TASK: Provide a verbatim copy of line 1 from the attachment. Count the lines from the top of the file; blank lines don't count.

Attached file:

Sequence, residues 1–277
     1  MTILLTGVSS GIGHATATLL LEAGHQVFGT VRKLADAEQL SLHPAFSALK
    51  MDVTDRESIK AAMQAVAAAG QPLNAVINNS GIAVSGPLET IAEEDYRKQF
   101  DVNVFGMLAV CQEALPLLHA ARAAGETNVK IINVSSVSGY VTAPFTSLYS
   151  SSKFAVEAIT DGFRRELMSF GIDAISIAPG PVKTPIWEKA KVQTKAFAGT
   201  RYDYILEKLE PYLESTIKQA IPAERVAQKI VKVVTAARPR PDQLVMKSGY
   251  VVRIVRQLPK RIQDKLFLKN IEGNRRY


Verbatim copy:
Sequence, residues 1–277